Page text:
This sets up the viral hypothesis iteslf:

… the substitution of RNA by DNA as cellular genetic material appears to be justified in order to allow genome size to increase in the course of evolution (the larger apparently the better). DNA-cells with enlarging genomes will become more complex and finally out-compete their RNA-based ancestors. However, this kiind of argumentation is not valid from an evolutionary point of view. It’s like to arge that features were invented in Dinosaurs in order to prepare for the future flight of birds! In a Darwinian scheme, one has to identify the seletion pressure that first triggered the evoltuionary process by bringing an immediate benefit to the organism in which the innovative mutation(s) appeared. An obvious selection pressure for an organism to modify its genome can be to protect it from attacks by hostile competitors. Chemical modification of its RNA genome into something “new”, immune to RNAases, could have given an immediate benefit to an organism fighting for its life in the jungle of the second age of the RNA world. The principle of continuity suggests that such organism was an RNA virus, since we know that some modern DNA viruses have modified their genome precisely for this purpose (for intence via methylation, hydroxymethylation or even more complex chemical modification (Warren, 1980). It is thus reasonable to think that viruses were also the promoters of previous genome modifications, from RNA to U-DNA, and from U-DNA to T-DNA.

I have some serious disagreements with precepts in this section. First off, he completely discounts the non-adaptive evolutionary mechanisms that could have been responsible for complexification of RNA-cells, and from there to immediate adaptive benefits of subsituting the more stable DNA for RNA in increasingly complex cells. This stochastic acquisiton of robust genetic fidelity could have occurred in much the same way that Michael Lynch has explained that epigenetic regulation and modularity could have evolved into modern eukaryotic gene structure.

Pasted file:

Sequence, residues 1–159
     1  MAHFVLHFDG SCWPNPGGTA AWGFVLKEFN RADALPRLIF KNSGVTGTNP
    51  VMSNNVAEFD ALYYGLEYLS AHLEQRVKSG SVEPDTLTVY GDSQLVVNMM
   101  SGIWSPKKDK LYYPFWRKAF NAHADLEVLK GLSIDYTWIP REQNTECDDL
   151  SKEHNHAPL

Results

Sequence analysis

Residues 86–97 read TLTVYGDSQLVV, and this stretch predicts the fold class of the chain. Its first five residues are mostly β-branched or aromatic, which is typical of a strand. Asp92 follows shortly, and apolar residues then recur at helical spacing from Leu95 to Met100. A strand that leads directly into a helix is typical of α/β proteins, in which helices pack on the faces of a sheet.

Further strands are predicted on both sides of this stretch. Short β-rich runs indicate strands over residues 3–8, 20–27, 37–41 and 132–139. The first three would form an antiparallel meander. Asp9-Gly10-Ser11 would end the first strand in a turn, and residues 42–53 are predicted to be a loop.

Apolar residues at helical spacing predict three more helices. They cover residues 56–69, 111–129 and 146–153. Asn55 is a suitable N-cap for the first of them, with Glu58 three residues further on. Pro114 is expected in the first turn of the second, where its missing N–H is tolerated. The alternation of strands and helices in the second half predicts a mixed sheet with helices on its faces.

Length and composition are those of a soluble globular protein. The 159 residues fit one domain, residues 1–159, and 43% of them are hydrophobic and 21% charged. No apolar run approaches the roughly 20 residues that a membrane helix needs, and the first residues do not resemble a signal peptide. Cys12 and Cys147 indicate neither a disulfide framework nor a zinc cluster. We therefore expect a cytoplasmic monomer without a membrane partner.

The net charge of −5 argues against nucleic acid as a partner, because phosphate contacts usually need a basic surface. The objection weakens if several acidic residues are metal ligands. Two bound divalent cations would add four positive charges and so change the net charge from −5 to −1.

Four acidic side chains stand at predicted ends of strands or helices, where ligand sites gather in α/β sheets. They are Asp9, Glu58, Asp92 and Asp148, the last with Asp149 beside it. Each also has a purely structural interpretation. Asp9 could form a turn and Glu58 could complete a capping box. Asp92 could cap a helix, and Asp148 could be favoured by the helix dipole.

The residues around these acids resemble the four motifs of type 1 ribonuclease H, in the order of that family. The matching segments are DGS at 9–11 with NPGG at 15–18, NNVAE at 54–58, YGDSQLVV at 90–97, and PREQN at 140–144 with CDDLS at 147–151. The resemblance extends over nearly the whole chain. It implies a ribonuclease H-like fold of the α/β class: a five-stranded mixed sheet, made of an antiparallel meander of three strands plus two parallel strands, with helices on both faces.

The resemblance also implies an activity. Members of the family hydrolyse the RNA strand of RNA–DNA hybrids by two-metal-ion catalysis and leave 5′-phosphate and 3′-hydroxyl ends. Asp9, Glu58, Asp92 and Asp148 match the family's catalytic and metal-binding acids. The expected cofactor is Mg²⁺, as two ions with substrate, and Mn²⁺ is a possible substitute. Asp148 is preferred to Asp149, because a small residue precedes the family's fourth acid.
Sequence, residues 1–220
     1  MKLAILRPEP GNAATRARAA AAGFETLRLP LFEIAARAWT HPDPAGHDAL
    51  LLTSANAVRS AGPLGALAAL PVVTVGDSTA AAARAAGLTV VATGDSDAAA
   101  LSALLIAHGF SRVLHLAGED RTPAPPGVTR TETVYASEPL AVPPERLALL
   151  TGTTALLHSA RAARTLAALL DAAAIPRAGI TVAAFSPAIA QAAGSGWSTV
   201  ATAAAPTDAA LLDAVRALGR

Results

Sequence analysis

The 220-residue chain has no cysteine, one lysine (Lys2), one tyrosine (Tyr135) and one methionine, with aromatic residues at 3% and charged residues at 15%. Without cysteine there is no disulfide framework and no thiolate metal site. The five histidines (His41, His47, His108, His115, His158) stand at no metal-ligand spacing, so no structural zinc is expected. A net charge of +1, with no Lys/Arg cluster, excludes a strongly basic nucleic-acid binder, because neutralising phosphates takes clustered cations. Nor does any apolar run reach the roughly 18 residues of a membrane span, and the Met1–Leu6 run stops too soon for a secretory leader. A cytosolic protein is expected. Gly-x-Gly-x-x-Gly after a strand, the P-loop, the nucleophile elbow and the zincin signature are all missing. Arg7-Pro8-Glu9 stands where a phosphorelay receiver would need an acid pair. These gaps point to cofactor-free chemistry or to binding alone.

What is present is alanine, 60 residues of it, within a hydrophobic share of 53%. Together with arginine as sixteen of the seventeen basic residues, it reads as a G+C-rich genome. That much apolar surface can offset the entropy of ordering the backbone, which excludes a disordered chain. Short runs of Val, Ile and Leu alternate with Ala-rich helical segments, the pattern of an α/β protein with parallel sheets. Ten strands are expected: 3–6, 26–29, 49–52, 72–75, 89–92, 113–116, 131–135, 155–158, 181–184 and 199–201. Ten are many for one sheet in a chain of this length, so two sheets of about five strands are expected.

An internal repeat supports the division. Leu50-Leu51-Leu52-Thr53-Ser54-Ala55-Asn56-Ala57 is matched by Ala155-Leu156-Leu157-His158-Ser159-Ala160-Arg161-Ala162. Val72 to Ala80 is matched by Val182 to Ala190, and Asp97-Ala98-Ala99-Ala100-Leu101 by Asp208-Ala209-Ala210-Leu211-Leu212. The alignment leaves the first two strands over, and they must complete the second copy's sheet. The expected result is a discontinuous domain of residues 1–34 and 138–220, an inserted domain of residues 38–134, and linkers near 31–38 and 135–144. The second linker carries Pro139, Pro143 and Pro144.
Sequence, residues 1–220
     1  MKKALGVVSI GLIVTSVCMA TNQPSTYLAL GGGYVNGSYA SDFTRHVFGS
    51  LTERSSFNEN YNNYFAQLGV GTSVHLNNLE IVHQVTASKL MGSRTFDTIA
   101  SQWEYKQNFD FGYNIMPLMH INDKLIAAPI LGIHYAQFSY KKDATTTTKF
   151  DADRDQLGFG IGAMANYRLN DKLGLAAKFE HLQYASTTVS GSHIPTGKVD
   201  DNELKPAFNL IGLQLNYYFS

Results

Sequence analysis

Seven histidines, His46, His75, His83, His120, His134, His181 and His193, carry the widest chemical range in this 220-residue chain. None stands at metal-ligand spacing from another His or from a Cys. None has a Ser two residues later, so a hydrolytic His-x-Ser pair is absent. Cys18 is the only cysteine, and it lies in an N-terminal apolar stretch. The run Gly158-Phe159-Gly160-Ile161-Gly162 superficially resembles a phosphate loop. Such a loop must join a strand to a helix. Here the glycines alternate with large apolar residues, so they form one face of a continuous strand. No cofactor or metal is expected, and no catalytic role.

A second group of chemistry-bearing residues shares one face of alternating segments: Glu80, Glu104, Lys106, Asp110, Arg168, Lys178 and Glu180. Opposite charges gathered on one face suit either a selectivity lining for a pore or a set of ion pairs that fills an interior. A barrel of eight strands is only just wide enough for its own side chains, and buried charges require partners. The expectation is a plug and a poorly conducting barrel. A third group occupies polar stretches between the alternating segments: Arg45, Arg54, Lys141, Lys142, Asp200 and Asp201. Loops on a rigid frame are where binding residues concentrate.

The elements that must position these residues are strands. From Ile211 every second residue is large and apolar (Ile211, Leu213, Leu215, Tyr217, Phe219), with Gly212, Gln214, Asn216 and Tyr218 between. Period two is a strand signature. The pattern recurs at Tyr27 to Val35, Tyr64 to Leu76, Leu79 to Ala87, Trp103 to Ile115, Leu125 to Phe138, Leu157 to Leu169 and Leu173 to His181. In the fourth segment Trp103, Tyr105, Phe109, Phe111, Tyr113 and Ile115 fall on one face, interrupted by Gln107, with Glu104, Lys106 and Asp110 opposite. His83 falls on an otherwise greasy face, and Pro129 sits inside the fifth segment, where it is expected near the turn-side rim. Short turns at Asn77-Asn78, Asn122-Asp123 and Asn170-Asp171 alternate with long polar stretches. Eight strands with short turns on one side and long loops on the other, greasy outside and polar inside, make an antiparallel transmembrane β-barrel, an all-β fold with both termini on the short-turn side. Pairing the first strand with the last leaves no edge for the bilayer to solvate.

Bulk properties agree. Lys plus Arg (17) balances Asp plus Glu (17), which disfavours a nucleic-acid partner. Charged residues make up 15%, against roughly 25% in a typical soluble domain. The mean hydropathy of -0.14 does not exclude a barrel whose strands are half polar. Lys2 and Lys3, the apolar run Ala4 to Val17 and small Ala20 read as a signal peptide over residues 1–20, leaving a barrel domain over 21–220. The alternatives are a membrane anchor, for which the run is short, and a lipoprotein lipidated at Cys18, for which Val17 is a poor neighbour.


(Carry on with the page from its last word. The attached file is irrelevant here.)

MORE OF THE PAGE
So, while I disagree that viruses are solely responsible for the advent of genome modifications, the diversity of viruses and their genetic structures does strongly point to some role for them in these events. That’s an intuitive conclusion however, admittedly.

Forterre continues to use this viral hypothesis to explain dissimilarities between the three domains of life by the “three viruses-three domains” hypothesis. The problem, as Forterre describes, is that it is unclear “why Archaea and Eukarya share homologous informational proteins, whilst Bacteria and Eukarya share homologous membrane structure and composition,” and offers the following as a reconciliation between these facts, that:

Archaea, Bacteria, and Eukarya originated from different RNA cells lineages which acquired independently their DNA geneomes from three DNA viruses; as a consequence, LUCA was an RNA-cell of the second age, in agreement with earlier suggestion by Woese (1983) who call it a progenote.

As I questioned the absoluteness of his viral hypothesis already, I don’t agree strongly with this “three viruses-three domains” hypothesis much either. But, I think, some role here for viruses and horizontal gene transfers in getting from LUCA to three domains is pretty hard to disagree with, given the evidence available to us.

Right or wrong, however, this is certainly a very intriguing series of hypotheses.


  • The two ages of the RNA world, and the transition to the DNA world: a story of viruses and cells. Forterre P. Biochimie. 2005 Sep-Oct; 87(9-10):793-803. Pubmed
  • Ancestral lipid biosynthesis and early membrane evolution. Pereto J, Lopez-Garcia P, Moreira D. Trends Biochem Sci. 2004 Sep; 29(9):469-77. Pubmed
  • Modified bases in bacteriophage DNAs. Warren RA. Annu Rev Microbiol. 1980; 34:137-58. Pubmed
  • The primary lines of descent and the universal ancestor. Woese CR. Evolution from Molecules to Men, Cambridge University Press, Cambridge, 1983, pp. 209-233. Amazon.